David Mandl on 31 Jul 2000 17:31:37 -0000

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<nettime> GM trade war looms

Interesting, the way business works in the U.S.: Forcing the rest of the
world to accept toxic genetically modified "foods" isn't enough;  foreign
governments (ostensibly sovereign states) also must be forbidden at
economic gunpoint to label them in any way.  The Americans are aware that
Europeans are too smart to knowingly buy GM foods, so they've got to be
sneaked into the fruit-and-veg pile surreptitiously.  This is a lot like
slipping LSD into random containers of orange juice in the grocery store,
except you won't know that you've even been dosed until a couple of
decades and thousands of tabs later. 

This is an important enough issue for the American GM-peddlers that
they're threatening a full-scale trade war, which they may well win, in
spite of clear and overwhelming rejection of GM technology by Europeans. 
Truly horrible. 



New trade war looms over GM labelling

Special report: GM debate

Paul Brown in Washington
Monday July 31, 2000
The Guardian

Europe and the United States are on a collision course over the issue of
the labelling of genetically modified food which threatens to spark a
trade war. 

Washington has warned the EU that it is considering making a formal
complaint to the World Trade Organisation in Geneva on the grounds that
labelling GM products is unfair discrimination against US goods and
therefore a restraint of trade. The US says it will ask the WTO to impose
sanctions against EU exports if GM labels are not removed from supermarket

The row comes at a time when trade relations with the US are tense over
other disputes. 

A spokeswoman for the US food and drug administration, which insists that
only nutritional information should be on the label, said: "This is
getting extremely serious. We regard requiring GM labelling as economic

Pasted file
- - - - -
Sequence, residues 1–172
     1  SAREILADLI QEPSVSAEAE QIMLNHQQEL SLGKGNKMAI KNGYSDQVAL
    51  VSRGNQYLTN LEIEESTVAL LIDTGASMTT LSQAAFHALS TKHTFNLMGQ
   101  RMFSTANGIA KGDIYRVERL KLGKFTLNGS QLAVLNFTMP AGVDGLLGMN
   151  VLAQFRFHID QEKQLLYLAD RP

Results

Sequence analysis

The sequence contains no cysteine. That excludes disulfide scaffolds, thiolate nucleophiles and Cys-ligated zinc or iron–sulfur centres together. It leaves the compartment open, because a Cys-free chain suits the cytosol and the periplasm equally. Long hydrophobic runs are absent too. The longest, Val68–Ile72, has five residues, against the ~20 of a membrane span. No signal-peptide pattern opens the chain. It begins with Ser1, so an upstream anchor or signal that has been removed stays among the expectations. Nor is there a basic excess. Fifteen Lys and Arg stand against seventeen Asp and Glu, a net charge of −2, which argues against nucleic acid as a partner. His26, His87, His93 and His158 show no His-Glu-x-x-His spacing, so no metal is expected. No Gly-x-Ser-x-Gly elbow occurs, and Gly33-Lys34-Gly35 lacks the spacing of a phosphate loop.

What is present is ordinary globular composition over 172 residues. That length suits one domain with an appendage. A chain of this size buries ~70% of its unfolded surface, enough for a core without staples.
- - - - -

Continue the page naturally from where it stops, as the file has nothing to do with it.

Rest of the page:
fraud. Our view is that we would not have allowed these products on the
market if they were not safe, they are the same as non-GM food, so they do
not require a label. In fact, to label them is trade discrimination and
therefore wrong." 

The agency confirmed there had been discussions with the European
commission over labelling and the restraint of trade issue, but the two
sides were "as far apart as ever". 

Among those urging the US to take action is Senator Christopher Bond, a
Republican from Missouri and a leading advocate of US bio-technology. He
told the Guardian that the EU's insistence on labelling was designed to
lower consumer confidence in US goods and was a barrier to trade. "I will
be pushing for trade sanctions over this hysteria," he said. "We are on a
collision course, and our government must go to the WTO if the EU does not
give way." 

In Brussels, Beate Kminde, speaking for the commission, said the EU was
aware of US threats but no formal complaint had been made. "We are aware
of our trade obligations but we also believe in consumer choice so we
require GM foods to be labelled. The Americans will not accept this but we
are determined. We will have to see what they do." 

Unless the row is resolved, there could be a trade war that would make
present disputes seem very small. 

The British government is already braced for heavy job losses in the
Scottish cashmere industry as a result of US retaliation in the
long-running US-EU banana dispute. US officials complain that Caribbean
producers in former colonies of EU members are getting preferential

Britain has so far escaped sanctions in the row over the EU ban on the use
of hormones in beef, which has led to 12-year embargo on US beef. Goods
including French cheese and truffles and German and French mustards have
faced 100% US tariffs in tit-for-tat action but Britain's support for the
US position, even though it cannot opt out of the EU ban, has meant
British goods have not been targeted. 

The EU meanwhile has complained about US export subsidies to huge
corporations such as Boeing, Exxon, Ford and Monsanto. 

Regulators on opposite sides of the Atlantic disagree about the purpose of
food labels and the EU stance on consumer choice is regarded as
fundamentally wrong in Washington. The FDA believes that GM foods are safe
and the nutritional value is the same as non-GM foods, so there should be
no mention on the label of the "process" by which the food was grown. 

In Washington, Tom O'Connor, director of technical services for the
national grain and feed association, said the EU labelling system would
"kill GM technology in Europe". 

"It looks like a warning, like putting a skull and crossbones on the
packet, a kiss of death in marketing terms," he said. 

The FDA and other regulators decided in May to look again at the issue
after US organic and other food producers began to label food GM-free. No
final decision has been made but officials believe that to conform with
regulations the food would have to be 100% non-GM, a difficult feat in a
country where almost all processed food contains some GM maize or soya. 

                 Copyright Guardian Media Group plc. 2000


-- Dave Mandl dmandl@panix.com 


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